Workings of Destructive Azov Ransomware Revealed
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Cybersecurity researchers have revealed the working of the destructive Azov Ransomware. The ransomware is deliberately designed to corrupt data and “inflict impeccable damage” to compromised systems.

A recent malicious attack, which was based on the notorious hack known as WannaCry, was distributed through other malware loaders such as SmokeLoader. Check Point even described it as an “effective, fast, and unfortunately unrecoverable data wiper,” but few details have been revealed about its origins, making it a concerning cybersecurity issue.

The wiper routine is set to overwrite the file’s contents in alternating 666-byte chunks with random noise, a technique called intermittent encryption that ransomware operators are increasingly using to evade detection and encrypt victims’ files faster.Workings of Destructive Azov Ransomware Revealed_1According to threat researcher Jiří Vinopal, “One thing that sets Azov apart from your garden-variety ransomware is its modification of certain 64-bit executables to execute its own code. The modification of executables is done using polymorphic code, so as not to be potentially foiled by static signatures.”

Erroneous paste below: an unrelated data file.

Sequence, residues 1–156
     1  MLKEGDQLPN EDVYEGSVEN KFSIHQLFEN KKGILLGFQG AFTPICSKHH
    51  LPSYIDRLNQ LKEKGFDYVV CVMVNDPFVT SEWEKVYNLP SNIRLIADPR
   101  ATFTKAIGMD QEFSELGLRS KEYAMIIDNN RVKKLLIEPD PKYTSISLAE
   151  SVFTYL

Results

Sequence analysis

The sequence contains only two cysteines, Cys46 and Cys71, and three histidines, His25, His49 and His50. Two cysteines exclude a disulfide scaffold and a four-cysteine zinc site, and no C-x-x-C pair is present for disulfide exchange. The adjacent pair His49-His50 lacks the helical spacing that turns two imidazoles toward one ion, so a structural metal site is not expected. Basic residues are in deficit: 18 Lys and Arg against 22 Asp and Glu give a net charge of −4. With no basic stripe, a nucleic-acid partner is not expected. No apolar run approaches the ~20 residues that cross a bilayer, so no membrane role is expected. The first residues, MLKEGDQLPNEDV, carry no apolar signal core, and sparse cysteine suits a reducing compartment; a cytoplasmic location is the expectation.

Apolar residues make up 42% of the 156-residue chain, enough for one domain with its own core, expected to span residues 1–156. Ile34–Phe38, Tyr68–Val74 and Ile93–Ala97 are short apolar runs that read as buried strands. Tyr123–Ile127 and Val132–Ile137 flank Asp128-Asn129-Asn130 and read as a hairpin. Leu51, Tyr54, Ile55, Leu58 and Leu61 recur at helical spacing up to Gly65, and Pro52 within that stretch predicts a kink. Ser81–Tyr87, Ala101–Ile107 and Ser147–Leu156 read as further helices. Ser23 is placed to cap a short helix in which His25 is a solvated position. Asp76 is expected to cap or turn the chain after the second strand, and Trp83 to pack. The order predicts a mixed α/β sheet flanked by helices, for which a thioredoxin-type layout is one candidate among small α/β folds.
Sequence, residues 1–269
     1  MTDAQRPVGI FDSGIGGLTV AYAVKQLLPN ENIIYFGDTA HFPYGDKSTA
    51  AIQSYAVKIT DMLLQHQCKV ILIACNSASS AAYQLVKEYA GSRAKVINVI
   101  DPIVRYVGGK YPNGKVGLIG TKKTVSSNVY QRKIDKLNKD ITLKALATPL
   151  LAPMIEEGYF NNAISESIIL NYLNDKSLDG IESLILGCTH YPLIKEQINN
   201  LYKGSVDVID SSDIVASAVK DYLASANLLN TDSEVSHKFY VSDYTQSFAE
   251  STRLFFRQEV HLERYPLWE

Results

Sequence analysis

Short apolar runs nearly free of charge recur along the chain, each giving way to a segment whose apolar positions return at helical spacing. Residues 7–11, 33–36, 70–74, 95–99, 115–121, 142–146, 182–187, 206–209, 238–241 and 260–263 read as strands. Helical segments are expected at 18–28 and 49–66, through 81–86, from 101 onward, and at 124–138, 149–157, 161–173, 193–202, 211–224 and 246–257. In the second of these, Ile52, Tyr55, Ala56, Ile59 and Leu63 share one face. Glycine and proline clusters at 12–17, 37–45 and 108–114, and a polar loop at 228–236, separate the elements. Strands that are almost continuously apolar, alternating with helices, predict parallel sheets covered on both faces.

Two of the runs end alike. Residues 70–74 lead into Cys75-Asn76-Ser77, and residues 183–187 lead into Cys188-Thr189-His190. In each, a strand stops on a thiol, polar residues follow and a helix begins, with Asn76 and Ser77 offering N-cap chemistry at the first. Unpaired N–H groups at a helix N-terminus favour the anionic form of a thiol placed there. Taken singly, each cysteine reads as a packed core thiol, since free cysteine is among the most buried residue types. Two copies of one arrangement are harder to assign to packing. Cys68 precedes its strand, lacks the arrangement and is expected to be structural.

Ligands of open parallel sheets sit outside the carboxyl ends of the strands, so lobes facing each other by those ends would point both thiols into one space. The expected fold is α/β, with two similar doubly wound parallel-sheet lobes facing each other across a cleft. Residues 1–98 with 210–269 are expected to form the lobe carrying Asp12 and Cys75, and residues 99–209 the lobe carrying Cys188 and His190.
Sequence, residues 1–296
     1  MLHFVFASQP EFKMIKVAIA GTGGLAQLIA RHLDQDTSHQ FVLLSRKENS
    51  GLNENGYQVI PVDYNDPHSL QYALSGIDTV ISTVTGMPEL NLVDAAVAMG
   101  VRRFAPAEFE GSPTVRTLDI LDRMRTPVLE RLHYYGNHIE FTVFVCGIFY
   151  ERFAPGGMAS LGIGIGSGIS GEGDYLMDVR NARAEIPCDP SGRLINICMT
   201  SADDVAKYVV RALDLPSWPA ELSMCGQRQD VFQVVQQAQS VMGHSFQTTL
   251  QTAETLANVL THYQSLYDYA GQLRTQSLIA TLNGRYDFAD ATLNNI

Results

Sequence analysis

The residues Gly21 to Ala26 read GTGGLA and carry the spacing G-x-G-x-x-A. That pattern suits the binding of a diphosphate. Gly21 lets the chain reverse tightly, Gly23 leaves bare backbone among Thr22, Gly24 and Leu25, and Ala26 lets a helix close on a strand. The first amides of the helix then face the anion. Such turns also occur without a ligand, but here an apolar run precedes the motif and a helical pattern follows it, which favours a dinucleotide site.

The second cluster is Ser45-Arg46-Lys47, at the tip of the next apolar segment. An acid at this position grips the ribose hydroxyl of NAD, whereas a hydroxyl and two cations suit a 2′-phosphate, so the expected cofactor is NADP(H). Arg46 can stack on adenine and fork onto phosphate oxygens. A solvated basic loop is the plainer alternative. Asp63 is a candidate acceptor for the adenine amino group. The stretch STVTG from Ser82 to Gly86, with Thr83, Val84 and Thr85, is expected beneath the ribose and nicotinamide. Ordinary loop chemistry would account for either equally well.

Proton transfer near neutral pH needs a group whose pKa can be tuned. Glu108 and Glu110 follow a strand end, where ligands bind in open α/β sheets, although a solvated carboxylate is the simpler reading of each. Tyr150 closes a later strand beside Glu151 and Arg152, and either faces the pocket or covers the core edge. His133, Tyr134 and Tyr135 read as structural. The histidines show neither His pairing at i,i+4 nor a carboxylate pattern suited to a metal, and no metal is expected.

Azov Ransomware is a type of malware that encrypts files on infected computers and then demands a ransom before restoring them. In addition, it includes a logic bomb – a set of conditions that should be met before activating malicious functions, such as wiping and hacking programs.Workings of Destructive Azov Ransomware Revealed_2“When first encountered, the Azov sample was considered to be skidsware, and not much effort was given to dissecting it,” Vinopal noted. “However, when probed into the details, one can find very advanced techniques — manually crafted assembly of the payloads and executables, injecting payloads into executables in order to backdoor them, and several anti-analysis tricks usually reserved for high-profile books or brand-name cybercrime tools.”

Recent developments show that destructive wiper attacks are increasing. This includes WhisperGate, HermeticWiper, AcidRain, IsaacWiper, and CaddyWiper.

ESET, a security company, has not reported any other wiper virus to date. Fantasy is reportedly spread through supply chain attacks on a software company in Israel. ESET has linked the malware to the group called Agrius.

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